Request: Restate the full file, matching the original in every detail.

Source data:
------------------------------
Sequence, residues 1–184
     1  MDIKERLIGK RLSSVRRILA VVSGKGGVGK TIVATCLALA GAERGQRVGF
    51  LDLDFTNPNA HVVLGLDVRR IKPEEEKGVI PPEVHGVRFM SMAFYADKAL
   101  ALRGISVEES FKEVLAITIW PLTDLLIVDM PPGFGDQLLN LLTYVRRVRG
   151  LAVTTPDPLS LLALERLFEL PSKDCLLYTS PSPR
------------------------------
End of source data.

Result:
Sequence, residues 1–184
     1  MDIKERLIGK RLSSVRRILA VVSGKGGVGK TIVATCLALA GAERGQRVGF
    51  LDLDFTNPNA HVVLGLDVRR IKPEEEKGVI PPEVHGVRFM SMAFYADKAL
   101  ALRGISVEES FKEVLAITIW PLTDLLIVDM PPGFGDQLLN LLTYVRRVRG
   151  LAVTTPDPLS LLALERLFEL PSKDCLLYTS PSPR